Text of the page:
Post-vasectomy pain syndrome
Post-vasectomy pain syndrome is a chronic and sometimes debilitating genital pain condition that may develop immediately or several years after vasectomy. Because this condition is a syndrome, there is no single treatment method, therefore efforts focus on mitigating/relieving the individual patient's specific pain. When pain in the epididymides is the primary symptom, post-vasectomy pain syndrome is often described as congestive epididymitis.
- Persistent pain in the genitalia and/or genital area(s).
- Groin pain upon physical exertion.
- Pain when achieving an erection and/or engaging in sexual intercourse.
- Pain upon ejaculation.
- Loss of erectile function
Any of the aforementioned pain conditions/syndromes can persist for years after vasectomy and affect as many as one in three vasectomized men. The range of PVPS pain can be mild/annoying to the less-likely extreme debilitating pain experienced by a smaller number of sufferers in this group. There is a continuum of pain severity between these two extremes. Pain is thought to be caused by any of the following, either singularly or in combination: testicular backpressure, overfull epididymides, chronic inflammation, fibrosis, sperm granulomas, and nerve entrapment. Pain can be present continuously in the form of orchialgia and/or congestive epididymitis or it can be situational, such as pain during intercourse, ejaculation or physical exertion.
Mechanisms of pain
There is a noticeable enlargement of the epididymides in vasectomized men. This is probably due to increased backpressure within the vas deferens on the testicular side following its blockage by vasectomy. The efferent ducts and seminiferous tubules of the testes are also impacted by backpressure, leading to an increase in area and thickness. Backpressure from blockage of the vas deferens causes a rupture in the epididymis, called an "epididymal blowout", in 50% of vasectomy patients. Sperm sometimes leak from the vas deferens of vasectomized men, forming lesions in the scrotum known as sperm granulomas. Some sperm granulomas can be painful. The presence of a sperm granuloma at the vasectomy site prevents epididymal pressure build-up, perforation, and the formation of an epididymal sperm granuloma. It thus lessens the likelihood of epididymal discomfort.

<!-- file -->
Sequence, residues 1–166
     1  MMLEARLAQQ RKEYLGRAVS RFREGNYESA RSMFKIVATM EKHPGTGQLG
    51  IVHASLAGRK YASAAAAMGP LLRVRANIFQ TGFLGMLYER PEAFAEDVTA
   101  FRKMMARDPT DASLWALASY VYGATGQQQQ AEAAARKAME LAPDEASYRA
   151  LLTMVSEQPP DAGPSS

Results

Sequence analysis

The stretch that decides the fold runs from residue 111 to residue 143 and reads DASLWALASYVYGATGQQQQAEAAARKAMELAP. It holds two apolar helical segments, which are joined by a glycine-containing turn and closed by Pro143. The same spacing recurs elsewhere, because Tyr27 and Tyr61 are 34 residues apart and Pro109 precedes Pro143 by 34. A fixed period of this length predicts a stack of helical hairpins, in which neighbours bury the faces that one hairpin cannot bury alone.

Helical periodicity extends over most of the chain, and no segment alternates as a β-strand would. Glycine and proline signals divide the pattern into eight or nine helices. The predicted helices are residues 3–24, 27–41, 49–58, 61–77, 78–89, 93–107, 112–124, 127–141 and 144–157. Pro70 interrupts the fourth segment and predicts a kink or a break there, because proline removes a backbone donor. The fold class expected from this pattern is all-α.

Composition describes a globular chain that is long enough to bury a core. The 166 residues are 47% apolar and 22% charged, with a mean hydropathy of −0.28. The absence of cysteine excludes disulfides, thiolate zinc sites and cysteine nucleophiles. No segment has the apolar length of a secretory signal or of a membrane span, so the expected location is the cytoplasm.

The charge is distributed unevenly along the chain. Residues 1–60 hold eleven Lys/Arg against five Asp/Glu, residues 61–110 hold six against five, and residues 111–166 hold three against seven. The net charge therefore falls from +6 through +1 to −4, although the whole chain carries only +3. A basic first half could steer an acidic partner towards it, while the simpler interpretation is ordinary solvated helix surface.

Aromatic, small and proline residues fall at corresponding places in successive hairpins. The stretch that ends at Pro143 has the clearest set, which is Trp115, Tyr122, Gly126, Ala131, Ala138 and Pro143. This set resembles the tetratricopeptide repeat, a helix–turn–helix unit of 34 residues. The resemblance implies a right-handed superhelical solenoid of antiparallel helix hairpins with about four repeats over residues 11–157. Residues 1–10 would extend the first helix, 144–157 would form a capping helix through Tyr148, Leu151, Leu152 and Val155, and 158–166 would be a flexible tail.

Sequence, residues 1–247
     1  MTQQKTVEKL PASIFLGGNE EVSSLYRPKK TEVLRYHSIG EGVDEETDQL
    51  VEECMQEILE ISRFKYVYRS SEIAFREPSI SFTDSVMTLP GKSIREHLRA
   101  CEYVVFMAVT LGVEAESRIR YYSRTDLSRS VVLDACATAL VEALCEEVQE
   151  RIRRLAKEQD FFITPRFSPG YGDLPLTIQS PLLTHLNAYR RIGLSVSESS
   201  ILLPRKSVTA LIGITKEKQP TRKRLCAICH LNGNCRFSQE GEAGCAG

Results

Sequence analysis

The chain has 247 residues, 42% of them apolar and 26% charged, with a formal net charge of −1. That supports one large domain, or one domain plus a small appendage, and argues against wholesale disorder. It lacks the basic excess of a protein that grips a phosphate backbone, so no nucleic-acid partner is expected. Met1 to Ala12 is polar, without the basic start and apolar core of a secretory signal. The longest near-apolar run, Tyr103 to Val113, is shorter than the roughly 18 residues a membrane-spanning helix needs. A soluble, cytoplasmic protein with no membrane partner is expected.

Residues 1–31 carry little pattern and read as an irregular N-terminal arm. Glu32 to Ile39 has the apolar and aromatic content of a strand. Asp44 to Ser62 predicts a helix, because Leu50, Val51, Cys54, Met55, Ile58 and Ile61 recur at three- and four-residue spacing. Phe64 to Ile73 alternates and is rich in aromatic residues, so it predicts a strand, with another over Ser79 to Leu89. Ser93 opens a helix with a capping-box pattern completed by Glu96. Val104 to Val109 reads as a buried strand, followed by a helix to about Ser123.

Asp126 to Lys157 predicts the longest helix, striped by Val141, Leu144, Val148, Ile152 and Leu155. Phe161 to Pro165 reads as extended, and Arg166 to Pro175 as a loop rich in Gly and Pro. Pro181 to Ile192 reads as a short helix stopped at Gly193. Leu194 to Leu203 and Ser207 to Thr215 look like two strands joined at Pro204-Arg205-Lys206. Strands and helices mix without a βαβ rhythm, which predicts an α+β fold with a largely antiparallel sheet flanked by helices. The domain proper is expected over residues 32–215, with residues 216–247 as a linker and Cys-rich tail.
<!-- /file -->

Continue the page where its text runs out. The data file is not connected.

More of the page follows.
As part of the reaction of the body to the surgical wounds of vasectomy, the body produces hard scar-like tissue. Clamping the vas deferens can produce muscle disruption and fibrosis. As the diameter of the vas lumen is less than the thickness of the wall, the thick muscle layers can easily become disrupted, leading to sperm accumulation and extravasation. Cysts often form from the fluid that spreads between the muscle layers.
Nerves can become trapped in the fibrous tissue caused by vasectomy. This pain is often heightened during sexual intercourse and ejaculation because, with arousal and ejaculation, muscles elevate the testis. There are several nerves that run parallel to the vas deferens that may be cut or damaged during vasectomy.
One study found that the vas deferens exhibits two periodic forms of electrical activity on an electrovasogram, slow pacesetter potentials and fast action potentials. In vasectomized men, the pacesetter potentials on the testicular side exhibit an irregular rhythm.
One study using ultrasound found that the epididymides of patients suffering from post-vasectomy pain syndrome were enlarged and full of cystic growths.
Treatment depends on the proximate cause. In one study, it was reported that 9 of 13 men who underwent vasectomy reversal in an attempt to relieve post-vasectomy pain syndrome became pain-free, though the followup was only one month in some cases. Another study found that 24 of 32 men had relief after vasectomy reversal.
Nerve entrapment is treated with surgery to free the nerve from the scar tissue, or to cut the nerve. One study reported that denervation of the spermatic cord provided complete relief at the first follow-up visit in 13 of 17 cases, and that the other four patients reported improvement. As nerves may regrow, long-term studies are needed.
A retrospective postal survey of 396 men found that 4% had significant genital pain for more than one year that required surgical intervention.
Another study contacted 470 vasectomy patients and received 182 responses, finding that 18.7% of respondents experienced chronic genital pain with 2.2% of respondents experiencing pain that adversely affected quality of life.
The most robust study of post-vasectomy pain, according to the American Urology Association's Vasectomy Guidelines 2012 (amended 2015) found a rate of 14.7% reported new-onset scrotal pain at 7 months after vasectomy with 0.9% describing the pain as "quite severe and noticeably affecting their quality of life".
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